Risk-taking behaviours

Karen Owens R.N. / Khmer Times No Comments Share:
wikimedia/Cpl. Megan/CC0
wikimedia/Cpl. Megan/CC0

What is risk-taking behaviour?

This is characterised as those behaviours which may expose people to harm or may contribute to a higher risk of injury and reaching their full potential in life.

Young people, especially teenagers, are more prone to risk-taking behaviour than other demographics. Some risky behaviour is normal and part of growing up, while others are potentially dangerous and even life-threatening.

Why are young people more likely to take risks?

As children grow into teenagers, their brains also grow. As the brain grows there are changes which affect their thinking and behaviour. This coupled with their environment influences how a child expresses themselves and how they think, feel and act.

Teenagers are looking for new experiences and will commonly explore their limits and boundaries, including those set by parents. This is a part of growing up and becoming independent adults.

But some of these thrill-seeking activities can also have profound effects on the growth and development of young people.

Negative risk-taking behaviour

Behaviours that lead to unintentional injuries or violence.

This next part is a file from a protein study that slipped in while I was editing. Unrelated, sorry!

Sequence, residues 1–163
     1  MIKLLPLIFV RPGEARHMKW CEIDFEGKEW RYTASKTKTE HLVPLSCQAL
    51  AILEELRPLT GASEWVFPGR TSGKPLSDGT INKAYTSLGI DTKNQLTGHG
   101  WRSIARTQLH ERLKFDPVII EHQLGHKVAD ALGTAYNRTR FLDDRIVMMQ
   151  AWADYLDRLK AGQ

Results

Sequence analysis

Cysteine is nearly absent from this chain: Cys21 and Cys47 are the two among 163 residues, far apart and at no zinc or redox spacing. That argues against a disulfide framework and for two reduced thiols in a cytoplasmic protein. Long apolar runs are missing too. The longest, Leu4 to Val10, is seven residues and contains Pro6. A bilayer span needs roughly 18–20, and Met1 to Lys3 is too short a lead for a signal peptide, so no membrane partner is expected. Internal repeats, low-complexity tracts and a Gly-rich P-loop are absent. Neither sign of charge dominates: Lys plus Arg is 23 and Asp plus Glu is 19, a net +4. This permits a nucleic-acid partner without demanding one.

Smoking cigarettes.
Using alcohol and other drugs.
Unprotected sex and sexting.
Consuming alcohol and drugs and driving vehicles.
Speeding and reckless driving of cars and motorcycles.
Unhealthy diet and lack of exercise.

But it’s not all doom and gloom, there are many positive ways to encourage a growing teenager to safely experience adrenaline rushes.

Positive risk-taking behaviour

Participation in team and individual sporting activities.
Rock climbing, abseiling.
Water sports such as surfing, sailing and kayaking.
Theme-park rides, rollercoasters and other adrenaline rush activities.
Horse-riding.
Competing in school events, debates and other team sports.

Keeping young people safe

Communication is the most important key to keeping your child safe as they grow up. Set rules for them – they need boundaries more than ever at this age. Give good reasons or rationales for your decisions. As they grow up and yearn for more responsibility,
the rules will need to be adapted, so be flexible.

Try not to be over-protective. This can work against you and actually hinder their development into an adult.

Practise what you preach.
You cannot give them one rule and then do the opposite, so lead by example.

Get to know their friends and invite them into your home. This way you get an idea of how they are developing socially and if there are any negative influences.

Help them cope with peer pressure. This is a big one. Young people can make group decisions which can very quickly become negative. Teach them how to make decisions as an individual. Encourage them to make choices from when they are young. This is a good skill to developing confidence and the ability to think through suggestions made by friends.

Encourage positive behaviour and allow them to take some risks which are not harmful.

Stay connected and build healthy relationships with your teenagers.

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